The more choices we think we have, the more we suck at making them. Not because we aren’t excellent consumers (best the world’s ever seen!), but because we suck when we’re making them. We get high on choice because we confuse it for power. We then navigate choice mindlessly guided by few principles other than path of least resistance and the lowest common denominator. We don’t even think on the possibility of building the brake ourselves. We are slowly but surely choosing that the train should stay on fire.
As a generation, we should have zero chill.
There are people snapchatting their Seamless deliveries at 11pm after working all day who I know are dying inside.
Are we going to allow ourselves to chill again for another year?
This commitment to celebrating our capacity to make a variety of bullshit choices and mistaking it for liberty has proven itself to be utter madness — the worst kind of madness, the kind so completely scarred by contradictory delusions, the beauty of it is really hard to find. There will be no mural to paint of this mess.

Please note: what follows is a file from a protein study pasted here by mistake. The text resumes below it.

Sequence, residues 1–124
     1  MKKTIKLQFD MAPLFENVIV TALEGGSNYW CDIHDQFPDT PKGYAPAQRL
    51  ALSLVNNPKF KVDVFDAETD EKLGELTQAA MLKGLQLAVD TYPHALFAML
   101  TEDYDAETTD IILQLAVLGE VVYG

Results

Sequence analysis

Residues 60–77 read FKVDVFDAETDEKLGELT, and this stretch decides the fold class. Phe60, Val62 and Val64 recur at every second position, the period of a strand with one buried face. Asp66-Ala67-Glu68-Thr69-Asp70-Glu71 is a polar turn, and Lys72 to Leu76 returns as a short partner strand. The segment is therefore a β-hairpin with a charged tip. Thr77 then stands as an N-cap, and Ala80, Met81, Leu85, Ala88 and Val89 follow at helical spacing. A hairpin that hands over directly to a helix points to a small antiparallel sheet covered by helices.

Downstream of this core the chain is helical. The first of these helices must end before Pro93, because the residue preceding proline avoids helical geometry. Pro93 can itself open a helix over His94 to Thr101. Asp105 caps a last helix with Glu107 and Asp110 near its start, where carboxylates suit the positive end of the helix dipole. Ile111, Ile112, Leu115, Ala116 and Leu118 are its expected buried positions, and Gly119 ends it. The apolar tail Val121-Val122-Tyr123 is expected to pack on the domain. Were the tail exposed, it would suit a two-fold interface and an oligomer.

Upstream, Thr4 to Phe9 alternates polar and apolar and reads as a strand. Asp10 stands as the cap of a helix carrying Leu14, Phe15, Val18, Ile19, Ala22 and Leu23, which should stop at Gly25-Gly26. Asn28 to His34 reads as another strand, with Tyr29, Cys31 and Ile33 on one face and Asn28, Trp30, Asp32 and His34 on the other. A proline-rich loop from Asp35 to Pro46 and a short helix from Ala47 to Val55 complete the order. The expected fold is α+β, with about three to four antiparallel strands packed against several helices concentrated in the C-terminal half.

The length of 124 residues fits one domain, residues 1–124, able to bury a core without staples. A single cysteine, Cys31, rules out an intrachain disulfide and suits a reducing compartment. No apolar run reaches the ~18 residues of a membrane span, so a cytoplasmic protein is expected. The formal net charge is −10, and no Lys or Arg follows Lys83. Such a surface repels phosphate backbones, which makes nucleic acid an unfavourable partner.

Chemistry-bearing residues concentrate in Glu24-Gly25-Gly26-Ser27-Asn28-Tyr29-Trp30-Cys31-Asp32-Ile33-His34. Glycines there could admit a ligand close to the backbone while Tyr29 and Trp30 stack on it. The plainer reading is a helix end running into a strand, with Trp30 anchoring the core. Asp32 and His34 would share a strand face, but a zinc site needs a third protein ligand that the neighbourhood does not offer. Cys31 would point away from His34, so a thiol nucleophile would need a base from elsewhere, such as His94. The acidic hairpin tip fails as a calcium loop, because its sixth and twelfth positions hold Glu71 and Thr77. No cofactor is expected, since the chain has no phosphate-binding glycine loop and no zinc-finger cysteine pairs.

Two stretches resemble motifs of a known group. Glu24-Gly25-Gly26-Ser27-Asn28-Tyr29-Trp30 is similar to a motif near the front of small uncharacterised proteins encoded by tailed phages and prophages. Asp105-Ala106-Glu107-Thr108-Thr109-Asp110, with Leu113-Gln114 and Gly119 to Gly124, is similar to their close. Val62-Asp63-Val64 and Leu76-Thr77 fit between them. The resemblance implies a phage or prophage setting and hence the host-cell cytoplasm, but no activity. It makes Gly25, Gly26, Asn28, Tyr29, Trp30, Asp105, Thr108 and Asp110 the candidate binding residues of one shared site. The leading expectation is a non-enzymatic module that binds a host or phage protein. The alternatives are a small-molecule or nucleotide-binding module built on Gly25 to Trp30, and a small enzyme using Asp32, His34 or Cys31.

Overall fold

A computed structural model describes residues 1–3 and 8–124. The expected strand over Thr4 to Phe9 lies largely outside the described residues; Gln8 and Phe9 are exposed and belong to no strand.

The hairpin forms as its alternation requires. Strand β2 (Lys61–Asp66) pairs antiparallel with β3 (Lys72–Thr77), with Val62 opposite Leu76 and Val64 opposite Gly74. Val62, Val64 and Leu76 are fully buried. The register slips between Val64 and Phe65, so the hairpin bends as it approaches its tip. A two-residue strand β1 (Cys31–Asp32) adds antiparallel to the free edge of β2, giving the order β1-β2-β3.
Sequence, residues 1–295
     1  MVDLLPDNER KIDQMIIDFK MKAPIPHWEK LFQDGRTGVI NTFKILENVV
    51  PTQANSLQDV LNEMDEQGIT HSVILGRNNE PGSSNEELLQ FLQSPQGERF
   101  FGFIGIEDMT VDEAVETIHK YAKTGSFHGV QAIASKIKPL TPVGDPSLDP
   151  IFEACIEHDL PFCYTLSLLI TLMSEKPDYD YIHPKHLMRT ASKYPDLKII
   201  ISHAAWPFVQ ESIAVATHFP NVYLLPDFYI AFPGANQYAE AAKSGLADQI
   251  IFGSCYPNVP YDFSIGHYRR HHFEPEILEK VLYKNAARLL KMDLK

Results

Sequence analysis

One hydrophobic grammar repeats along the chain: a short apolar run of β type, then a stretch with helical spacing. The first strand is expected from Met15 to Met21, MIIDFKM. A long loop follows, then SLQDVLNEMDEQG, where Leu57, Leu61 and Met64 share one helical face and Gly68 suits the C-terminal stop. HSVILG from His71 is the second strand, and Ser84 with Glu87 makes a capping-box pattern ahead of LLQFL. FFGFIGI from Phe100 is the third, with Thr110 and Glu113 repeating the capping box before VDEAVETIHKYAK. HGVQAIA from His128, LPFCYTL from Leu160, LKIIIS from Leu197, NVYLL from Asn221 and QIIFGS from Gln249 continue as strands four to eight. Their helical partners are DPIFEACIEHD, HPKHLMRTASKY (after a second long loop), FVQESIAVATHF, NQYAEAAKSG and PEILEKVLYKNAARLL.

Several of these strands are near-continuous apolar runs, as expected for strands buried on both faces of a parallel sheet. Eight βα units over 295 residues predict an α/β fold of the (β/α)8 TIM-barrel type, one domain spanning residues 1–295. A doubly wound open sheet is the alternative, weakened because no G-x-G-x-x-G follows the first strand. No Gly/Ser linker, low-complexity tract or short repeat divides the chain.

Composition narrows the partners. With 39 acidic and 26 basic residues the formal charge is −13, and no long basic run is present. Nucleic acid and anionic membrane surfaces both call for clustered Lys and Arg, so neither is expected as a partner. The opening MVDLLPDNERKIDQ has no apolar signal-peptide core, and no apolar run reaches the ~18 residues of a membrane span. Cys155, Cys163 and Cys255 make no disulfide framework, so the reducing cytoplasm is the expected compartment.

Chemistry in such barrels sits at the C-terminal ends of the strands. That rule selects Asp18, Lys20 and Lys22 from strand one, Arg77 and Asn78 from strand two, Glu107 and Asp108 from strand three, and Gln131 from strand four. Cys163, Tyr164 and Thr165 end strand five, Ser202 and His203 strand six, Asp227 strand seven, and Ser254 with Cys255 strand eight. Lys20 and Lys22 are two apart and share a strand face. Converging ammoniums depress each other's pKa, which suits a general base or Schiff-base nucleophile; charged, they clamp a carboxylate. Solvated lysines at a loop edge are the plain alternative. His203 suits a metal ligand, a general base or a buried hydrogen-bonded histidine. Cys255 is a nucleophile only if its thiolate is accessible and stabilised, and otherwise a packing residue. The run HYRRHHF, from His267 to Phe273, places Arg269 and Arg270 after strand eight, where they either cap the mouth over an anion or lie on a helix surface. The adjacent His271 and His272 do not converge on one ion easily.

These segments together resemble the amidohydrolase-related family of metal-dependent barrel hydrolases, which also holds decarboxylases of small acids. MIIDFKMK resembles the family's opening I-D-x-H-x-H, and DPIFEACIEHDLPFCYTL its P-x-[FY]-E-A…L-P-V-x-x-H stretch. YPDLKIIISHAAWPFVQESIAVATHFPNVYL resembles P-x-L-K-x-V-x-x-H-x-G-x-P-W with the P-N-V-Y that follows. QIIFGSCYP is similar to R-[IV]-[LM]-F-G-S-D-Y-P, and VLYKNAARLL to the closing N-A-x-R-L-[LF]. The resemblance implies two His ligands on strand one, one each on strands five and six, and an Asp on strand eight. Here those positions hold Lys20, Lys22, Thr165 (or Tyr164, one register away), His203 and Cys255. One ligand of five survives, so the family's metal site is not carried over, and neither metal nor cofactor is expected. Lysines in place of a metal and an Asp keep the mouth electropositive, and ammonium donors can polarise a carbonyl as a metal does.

And so it’s to sagas of epic constraint like Seveneves and Aurora where many of us go to re-up on humanity because it’s only in the absence of freedom that anyone ever knows what to do. In space, no tomorrow is guaranteed.
But these authors also don’t want you to get the wrong idea about space. If you can avoid getting yourself shot into space, they advise you should avoid getting yourself shot into space. It sucks.
So here’s what I’ve concluded about survival from science fiction in 2015:
- It’s not all about you.
2. We’re collectively fucked.
3. What are we going to do about it?